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Makeup experience
By Janet Seitz Carlson

The human head is both her canvas and sculpting base. She's been known to plant branches in kids' faces, create noses and sew ears in hair. Activities like that make her happy.

It's an interesting perspective from a woman who analyzes blood for a living.

Annie Germann is "Makeup Mama," one of the area's theatrical makeup artists. By profession, she's a medical technologist with Springfield Clinic.

Her husband, known as "Prop Daddy" in theater circles, advises, "Be sure to ask her about when she talks about having an elf over to the house to cast their face. Nobody in the family even blinks anymore."

In community theater, volunteer jobs can develop expertise. Germann recalls taking her oldest son to see "The Nutcracker" at age 6; he then became interested in performing in it. As with many productions involving youth, parental help is needed. Makeup seemed a good choice.

"I had elaborate makeup because the kids always enjoyed being made up at Halloween," Germann says.

The younger son soon followed suit, and for the next five years, Germann had a regular makeup volunteer post. Her first "official" show as makeup artist was "Spitfire Grill" for Theatre in the Park in 2004. One thing led to another, says Germann, counting some 50 productions she's been involved with in just the past five years. "Few people do props or makeup. There's just a core group. You're inundated."

Germann says she learned a lot on the way. "I found a wonderful source for theatrical makeup. Lincoln Library had some good books. I used the kids as guinea pigs.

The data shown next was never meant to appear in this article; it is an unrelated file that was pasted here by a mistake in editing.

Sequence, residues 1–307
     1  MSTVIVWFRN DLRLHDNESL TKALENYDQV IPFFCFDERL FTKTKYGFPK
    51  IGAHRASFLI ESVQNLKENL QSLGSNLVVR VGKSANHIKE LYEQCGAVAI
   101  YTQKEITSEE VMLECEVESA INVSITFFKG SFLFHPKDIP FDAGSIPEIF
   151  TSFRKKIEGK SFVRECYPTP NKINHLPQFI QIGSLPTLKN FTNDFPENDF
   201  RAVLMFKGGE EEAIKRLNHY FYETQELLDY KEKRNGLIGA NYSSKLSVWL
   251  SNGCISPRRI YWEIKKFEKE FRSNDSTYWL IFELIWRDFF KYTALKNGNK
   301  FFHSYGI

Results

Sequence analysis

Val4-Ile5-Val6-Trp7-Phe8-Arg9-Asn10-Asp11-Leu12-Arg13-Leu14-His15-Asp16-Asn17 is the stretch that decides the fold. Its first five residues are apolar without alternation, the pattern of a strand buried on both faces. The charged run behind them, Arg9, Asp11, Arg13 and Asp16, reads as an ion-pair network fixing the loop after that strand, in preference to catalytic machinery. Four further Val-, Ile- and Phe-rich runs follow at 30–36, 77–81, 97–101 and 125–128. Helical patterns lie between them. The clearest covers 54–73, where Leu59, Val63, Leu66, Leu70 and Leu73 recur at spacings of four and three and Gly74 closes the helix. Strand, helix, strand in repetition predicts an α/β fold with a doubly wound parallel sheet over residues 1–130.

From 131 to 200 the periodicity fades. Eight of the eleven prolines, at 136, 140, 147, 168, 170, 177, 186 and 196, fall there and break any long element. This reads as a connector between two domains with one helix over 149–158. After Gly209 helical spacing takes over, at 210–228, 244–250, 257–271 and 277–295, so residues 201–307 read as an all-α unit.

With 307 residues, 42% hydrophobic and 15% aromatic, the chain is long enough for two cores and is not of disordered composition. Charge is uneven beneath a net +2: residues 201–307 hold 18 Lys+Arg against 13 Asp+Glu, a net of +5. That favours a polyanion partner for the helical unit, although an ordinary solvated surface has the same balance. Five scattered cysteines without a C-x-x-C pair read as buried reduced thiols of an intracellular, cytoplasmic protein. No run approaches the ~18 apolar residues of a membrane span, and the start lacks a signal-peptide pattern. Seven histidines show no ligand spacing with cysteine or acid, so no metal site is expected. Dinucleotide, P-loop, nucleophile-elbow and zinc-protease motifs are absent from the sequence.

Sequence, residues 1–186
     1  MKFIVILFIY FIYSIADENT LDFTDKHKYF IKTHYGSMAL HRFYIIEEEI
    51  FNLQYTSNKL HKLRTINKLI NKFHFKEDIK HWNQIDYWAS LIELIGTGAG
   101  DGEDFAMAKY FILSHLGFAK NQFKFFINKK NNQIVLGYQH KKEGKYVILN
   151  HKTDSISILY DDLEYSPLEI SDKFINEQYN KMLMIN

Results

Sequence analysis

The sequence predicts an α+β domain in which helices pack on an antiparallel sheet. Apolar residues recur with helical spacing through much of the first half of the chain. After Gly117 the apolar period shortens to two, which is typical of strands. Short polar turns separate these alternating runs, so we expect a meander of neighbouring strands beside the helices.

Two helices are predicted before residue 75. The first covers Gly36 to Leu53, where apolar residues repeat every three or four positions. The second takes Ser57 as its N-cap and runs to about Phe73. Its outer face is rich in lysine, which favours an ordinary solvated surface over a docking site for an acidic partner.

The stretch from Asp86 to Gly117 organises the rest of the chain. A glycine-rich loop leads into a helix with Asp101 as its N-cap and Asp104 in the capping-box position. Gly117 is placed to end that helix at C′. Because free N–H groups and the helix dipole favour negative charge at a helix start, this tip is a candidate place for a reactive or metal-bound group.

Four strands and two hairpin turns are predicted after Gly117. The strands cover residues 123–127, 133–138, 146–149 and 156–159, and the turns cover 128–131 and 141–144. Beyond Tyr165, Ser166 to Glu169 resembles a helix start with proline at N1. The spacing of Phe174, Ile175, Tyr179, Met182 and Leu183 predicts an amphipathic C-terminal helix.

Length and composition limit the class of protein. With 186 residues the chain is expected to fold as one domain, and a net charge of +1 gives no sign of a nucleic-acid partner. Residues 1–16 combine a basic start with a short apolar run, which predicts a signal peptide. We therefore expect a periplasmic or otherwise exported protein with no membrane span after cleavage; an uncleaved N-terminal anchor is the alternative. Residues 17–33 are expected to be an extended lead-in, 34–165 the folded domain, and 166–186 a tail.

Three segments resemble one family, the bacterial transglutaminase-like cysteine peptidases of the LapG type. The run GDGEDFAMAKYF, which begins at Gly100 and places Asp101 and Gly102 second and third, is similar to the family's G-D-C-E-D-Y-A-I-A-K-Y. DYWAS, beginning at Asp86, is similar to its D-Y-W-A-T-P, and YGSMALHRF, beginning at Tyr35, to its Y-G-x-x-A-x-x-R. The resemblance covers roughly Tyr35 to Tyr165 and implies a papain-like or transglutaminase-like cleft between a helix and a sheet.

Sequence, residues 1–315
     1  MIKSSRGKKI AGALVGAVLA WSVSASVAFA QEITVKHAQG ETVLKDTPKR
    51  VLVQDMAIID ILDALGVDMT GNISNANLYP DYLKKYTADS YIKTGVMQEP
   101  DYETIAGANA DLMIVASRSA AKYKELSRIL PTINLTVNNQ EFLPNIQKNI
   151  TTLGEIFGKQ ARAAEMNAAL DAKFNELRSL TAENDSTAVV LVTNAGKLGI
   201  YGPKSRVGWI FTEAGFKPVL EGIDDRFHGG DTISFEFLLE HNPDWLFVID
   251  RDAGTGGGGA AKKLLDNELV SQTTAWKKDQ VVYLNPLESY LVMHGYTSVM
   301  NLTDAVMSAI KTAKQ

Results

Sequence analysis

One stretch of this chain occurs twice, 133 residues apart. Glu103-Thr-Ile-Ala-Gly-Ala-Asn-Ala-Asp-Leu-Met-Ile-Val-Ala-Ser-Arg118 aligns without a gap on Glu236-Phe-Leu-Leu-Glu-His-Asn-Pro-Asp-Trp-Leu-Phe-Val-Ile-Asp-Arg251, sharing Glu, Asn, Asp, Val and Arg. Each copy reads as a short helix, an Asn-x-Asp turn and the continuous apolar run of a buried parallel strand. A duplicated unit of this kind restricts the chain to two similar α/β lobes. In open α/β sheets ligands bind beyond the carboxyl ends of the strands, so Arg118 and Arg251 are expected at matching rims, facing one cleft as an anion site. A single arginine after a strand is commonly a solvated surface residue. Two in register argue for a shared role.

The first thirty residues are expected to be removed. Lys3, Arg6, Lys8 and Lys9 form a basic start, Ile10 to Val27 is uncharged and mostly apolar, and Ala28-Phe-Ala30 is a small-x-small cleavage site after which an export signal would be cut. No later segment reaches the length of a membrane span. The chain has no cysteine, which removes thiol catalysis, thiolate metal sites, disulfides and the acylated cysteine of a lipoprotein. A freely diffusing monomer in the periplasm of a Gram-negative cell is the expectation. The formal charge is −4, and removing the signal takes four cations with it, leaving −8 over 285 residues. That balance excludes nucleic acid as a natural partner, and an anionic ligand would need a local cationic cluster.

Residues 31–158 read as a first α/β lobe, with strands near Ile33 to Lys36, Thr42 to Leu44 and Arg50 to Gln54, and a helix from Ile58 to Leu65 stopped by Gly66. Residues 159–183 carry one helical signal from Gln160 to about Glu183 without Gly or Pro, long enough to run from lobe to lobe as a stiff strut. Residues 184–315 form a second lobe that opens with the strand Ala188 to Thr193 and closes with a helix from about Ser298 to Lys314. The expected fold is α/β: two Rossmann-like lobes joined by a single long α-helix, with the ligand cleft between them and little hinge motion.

"I went to wig shops," Germann says. "Theater can't afford the $60-70 wigs. I'd buy the $10 ones. I learned by trial and error how to change. I use synthetic wigs because they're cheaper and once styled stay that way, even in a driving rain.

"I recycle all my wigs and restyle. (The Muni) 'Oliver's' Mrs. Sowerberry was also Mary Todd Lincoln and Ozzy Osborne."

Germann enjoys the creative opportunities, a contrast to her day job, which is "very technical with exact procedures, guidelines. This is the exact opposite. Creativity is the main thing and then the organizational skills come in."

Germann says she likes the challenging shows, such as Springfield Theatre Centre's spring "Snow White," done in the 1912 version.

The dwarfs, for example, were Earth-themed characters such as grass, mushroom and fall leaves.

"I made noses for some of the kids," she says. "Each one was distinctive." A branch in a face and plants coming out of beards made for distinction, too.

"A lot of people were wearing prosthetics," Germann explains. "And lots of wigs. We didn't do it Disney style, but since it was wide open I had to come up with a design."  

That's where developing a vulture look for the witch and a little "plaster" surgery to cast faces comes in. She uses various substances to create a mold of the actor's face, then sculpts the features, recasts and creates prosthetics such as noses and chins.

One of most fun productions, recalls Germann, was "A Tuna Christmas," in which two actors played 22 characters.

"Some changes were very fast," she says. "Like 30 seconds out of costume and makeup from a little old lady to a 20-year-old guy."

"Annie is great to work with," Gus Gordon of Gordon Productions says. "She is amazingly reliable and equally talented. When she commits to a project, she commits wholeheartedly. You can give her a basic idea, and she will run with it and come back with something that exceeds your expectations."

"I need a creative outlet. And this is a pleasant side line," Germann says. "Community theater is like a big family... and a lot of nice people. They're there because they want to be there giving of their time.

"They're happy. They want others to be happy."

 

Story published Friday, September 4, 2009 ( Volume 4, Number 5 )

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